Benjamin: Iraq Has Made Us Less Safe

Former Clinton National Security Council Daniel Benjamin purports to explain, “Why Iraq has made us less safe” in a CNN column promoting his new book The Next Attack: The Failure of the War on Terror and a Strategy for Getting It Right.

[…] It is, of course, bad manners to point the finger at anyone but those responsible for the killings in London. They shed the blood; they must answer for it. But as the trail of bodies that began with the first bombing of the World Trade Center in 1993 continues to lengthen, we need to ask why the attacks keep coming. One key reason is that Osama bin Laden’s “achievements” in standing up to the American colossus on 9/11 have inspired others to follow his lead. Another is that American actions — above all, the invasion and occupation of Iraq — have galvanized still more Muslims and convinced them of the truth of bin Laden’s vision.

The conflict between radical Islam and the West, like all ideological struggles, is about competing stories. The audience is the global community of Muslims.


Invading Iraq, however noble the U.S. believed its intentions, provided the best possible confirmation of the jihadist claims and spurred many of Europe’s alienated Muslims to adopt the Islamist cause as their own.

The evidence is available in the elaborate underground railroad that has brought hundreds of European Muslims to the fight in Iraq. And the notion that the West would enhance its security by occupying Iraq has proved utterly illusory.

Coalition forces in Iraq face daily attacks from jihadists not because Saddam Hussein had trained a cadre of terrorists — we know there was no pre-existing relationship between Baghdad and al-Qaeda — but because the U.S. invasion brought the targets into the proximity of the killers.


America has shown itself to be good at hunting terrorists. Unfortunately, by occupying Iraq, it has become even better at creating them.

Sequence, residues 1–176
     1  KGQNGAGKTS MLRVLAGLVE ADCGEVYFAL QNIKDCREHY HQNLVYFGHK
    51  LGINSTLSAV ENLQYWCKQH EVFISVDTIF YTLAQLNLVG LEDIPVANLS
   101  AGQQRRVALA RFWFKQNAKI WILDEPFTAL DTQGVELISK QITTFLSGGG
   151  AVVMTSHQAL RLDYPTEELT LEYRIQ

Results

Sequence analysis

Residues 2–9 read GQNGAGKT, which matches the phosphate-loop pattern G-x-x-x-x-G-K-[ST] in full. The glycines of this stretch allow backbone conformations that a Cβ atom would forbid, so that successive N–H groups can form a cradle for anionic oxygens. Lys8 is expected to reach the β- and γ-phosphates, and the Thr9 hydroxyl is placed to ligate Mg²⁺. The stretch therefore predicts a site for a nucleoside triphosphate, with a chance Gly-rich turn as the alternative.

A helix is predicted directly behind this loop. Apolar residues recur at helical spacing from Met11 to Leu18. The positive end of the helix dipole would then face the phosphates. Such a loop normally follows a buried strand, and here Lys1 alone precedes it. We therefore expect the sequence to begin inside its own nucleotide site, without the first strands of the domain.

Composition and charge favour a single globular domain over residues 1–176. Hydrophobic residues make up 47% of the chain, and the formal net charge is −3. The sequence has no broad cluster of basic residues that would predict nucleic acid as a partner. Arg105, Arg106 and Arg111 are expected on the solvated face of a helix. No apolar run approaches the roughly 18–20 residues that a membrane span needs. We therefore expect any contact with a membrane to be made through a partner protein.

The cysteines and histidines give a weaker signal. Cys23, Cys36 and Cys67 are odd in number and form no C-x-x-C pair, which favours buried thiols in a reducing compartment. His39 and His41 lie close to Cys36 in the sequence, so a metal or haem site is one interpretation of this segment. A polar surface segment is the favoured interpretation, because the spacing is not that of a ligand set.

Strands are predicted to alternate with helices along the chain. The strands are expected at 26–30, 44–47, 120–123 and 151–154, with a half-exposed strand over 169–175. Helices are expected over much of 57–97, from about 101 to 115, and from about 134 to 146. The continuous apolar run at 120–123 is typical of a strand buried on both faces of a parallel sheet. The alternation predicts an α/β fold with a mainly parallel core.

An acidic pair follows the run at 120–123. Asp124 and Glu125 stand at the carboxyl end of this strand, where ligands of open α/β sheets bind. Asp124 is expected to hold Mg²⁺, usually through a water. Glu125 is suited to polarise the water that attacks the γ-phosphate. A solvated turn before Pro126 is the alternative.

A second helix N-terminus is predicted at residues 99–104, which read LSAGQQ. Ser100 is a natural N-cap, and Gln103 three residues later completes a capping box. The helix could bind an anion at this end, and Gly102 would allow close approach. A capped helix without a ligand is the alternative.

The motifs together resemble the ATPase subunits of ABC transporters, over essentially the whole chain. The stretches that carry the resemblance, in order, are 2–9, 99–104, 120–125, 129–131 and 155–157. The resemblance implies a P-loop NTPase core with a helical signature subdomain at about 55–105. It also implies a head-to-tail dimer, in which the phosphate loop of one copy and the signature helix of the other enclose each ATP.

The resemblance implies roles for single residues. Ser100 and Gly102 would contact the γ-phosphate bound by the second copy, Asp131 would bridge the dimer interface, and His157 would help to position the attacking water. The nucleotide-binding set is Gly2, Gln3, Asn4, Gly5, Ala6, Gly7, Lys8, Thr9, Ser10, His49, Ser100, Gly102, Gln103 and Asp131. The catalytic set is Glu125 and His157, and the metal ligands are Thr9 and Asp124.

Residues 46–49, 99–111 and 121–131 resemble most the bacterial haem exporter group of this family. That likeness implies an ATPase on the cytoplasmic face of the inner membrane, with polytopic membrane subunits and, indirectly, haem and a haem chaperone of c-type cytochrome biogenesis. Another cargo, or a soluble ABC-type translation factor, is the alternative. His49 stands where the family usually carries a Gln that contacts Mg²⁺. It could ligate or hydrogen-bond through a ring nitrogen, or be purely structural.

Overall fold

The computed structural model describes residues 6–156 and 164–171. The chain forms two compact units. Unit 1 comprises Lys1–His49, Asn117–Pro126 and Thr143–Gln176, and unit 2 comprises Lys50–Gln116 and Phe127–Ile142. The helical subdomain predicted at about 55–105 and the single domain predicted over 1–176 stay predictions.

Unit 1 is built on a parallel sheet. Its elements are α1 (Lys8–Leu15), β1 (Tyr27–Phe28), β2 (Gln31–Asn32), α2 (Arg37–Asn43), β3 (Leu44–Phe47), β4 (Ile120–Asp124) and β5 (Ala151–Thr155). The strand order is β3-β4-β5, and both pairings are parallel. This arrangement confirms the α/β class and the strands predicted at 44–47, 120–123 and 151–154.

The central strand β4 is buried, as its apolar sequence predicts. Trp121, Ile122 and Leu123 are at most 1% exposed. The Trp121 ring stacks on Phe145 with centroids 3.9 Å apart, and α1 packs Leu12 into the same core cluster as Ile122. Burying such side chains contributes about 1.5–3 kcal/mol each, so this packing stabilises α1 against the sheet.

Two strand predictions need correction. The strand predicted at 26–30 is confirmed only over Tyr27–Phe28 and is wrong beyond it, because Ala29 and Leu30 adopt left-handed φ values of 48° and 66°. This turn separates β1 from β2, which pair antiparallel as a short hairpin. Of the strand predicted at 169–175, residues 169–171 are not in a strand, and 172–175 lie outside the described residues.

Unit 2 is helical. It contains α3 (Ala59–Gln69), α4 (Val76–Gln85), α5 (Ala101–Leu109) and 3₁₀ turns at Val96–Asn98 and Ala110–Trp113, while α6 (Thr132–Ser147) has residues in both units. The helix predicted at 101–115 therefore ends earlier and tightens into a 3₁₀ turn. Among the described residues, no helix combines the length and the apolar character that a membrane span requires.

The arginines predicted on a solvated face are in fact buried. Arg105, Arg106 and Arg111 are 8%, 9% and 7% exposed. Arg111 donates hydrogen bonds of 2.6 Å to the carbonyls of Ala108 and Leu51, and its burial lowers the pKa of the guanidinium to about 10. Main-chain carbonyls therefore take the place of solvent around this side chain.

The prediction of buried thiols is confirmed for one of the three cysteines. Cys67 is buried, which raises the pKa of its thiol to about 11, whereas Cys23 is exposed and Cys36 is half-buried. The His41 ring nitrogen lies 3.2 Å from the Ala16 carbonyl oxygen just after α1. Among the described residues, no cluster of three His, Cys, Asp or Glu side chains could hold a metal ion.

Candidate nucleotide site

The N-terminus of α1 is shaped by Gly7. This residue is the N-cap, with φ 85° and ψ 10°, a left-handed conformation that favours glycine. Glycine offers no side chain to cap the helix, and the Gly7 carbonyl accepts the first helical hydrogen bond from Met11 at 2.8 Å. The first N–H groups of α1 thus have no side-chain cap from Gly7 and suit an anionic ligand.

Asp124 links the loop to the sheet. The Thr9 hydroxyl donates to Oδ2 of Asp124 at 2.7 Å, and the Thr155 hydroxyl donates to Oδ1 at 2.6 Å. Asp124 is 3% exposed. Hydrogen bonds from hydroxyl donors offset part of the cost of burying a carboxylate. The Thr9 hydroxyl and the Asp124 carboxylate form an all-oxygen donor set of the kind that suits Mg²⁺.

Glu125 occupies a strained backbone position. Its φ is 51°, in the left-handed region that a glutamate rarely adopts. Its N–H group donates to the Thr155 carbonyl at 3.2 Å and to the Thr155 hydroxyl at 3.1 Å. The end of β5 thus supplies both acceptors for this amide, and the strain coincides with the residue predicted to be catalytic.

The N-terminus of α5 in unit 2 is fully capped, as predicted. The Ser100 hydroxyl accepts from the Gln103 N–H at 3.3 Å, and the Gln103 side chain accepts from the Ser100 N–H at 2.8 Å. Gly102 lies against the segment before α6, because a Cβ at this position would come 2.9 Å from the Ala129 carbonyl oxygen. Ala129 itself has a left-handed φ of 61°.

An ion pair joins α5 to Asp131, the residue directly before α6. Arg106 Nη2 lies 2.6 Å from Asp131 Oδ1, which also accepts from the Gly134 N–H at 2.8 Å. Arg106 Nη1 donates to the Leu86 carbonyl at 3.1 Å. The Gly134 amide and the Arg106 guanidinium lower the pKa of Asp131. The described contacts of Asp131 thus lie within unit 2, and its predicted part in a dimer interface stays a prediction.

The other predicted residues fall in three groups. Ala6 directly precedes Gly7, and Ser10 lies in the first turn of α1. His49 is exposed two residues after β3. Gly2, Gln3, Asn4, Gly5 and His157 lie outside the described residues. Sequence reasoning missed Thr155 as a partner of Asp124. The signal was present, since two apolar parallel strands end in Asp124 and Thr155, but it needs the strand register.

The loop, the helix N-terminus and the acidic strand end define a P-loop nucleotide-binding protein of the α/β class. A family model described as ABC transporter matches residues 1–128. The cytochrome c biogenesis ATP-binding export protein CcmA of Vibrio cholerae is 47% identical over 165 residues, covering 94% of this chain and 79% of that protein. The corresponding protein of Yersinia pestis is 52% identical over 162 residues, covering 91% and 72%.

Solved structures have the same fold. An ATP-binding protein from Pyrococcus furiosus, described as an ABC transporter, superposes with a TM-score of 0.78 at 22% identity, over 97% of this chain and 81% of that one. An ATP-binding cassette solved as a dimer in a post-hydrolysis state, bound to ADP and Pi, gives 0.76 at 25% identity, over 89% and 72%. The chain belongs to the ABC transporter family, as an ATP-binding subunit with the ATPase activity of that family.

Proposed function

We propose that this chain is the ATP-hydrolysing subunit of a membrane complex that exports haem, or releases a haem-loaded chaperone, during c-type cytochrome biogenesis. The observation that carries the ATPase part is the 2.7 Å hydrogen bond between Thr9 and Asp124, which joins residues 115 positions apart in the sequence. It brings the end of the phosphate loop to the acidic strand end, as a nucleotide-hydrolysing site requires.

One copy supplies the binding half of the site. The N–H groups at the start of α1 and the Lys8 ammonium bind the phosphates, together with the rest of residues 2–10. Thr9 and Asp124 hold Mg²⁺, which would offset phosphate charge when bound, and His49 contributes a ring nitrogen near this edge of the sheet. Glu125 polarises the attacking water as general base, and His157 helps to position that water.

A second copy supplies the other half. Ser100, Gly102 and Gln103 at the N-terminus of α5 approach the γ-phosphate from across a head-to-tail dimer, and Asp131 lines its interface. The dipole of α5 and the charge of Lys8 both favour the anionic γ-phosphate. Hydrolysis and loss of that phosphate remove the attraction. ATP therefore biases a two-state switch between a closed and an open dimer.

It would be rather snarky of me to point out that, if Benjamin knew how to deal with al Qaeda, it’s a shame he didn’t implement his plan when he was working for Bill Clinton, during which time numerous al Qaeda attacks on American targets took place. After all, he was mostly employed as a speechwriter.

Be that as it may, it is hard to deny that the Iraq War motivated some radical Islamists to take up the murder of Westerners. Of course, anything that we did was likely to have that impact. And, as the Clinton model demonstrated, so was doing nothing.

We’ve learned from experience, therefore, that killing terrorists makes their sympathizers mad and thus creates more terrorists whereas allowing terrorist actions to go unpunished emboldens their sympathizers and thus creates more terrorists. This reminds me of Carter Secretary of Defense Harold Brown’s observation during the Cold War about arms control: “When we build, they build. When we stop, they build.”

Whether the Iraq War has created more terrorists than it has killed is unknowable, since we don’t know 1) how many terrorists it has created; 2) how many terrorists there would have been had we pursued a different policy; let alone 3) what alternative policy Benjamin would have us pursue.

Update: To quote myself from the July 2004 issue of Strategic Insights, “The U.S. and its allies have killed or captured dozens of key terrorist leaders and hundreds of jihadist footsoldiers. It is unclear, of course, how many the invasion created.”

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James Joyner
About James Joyner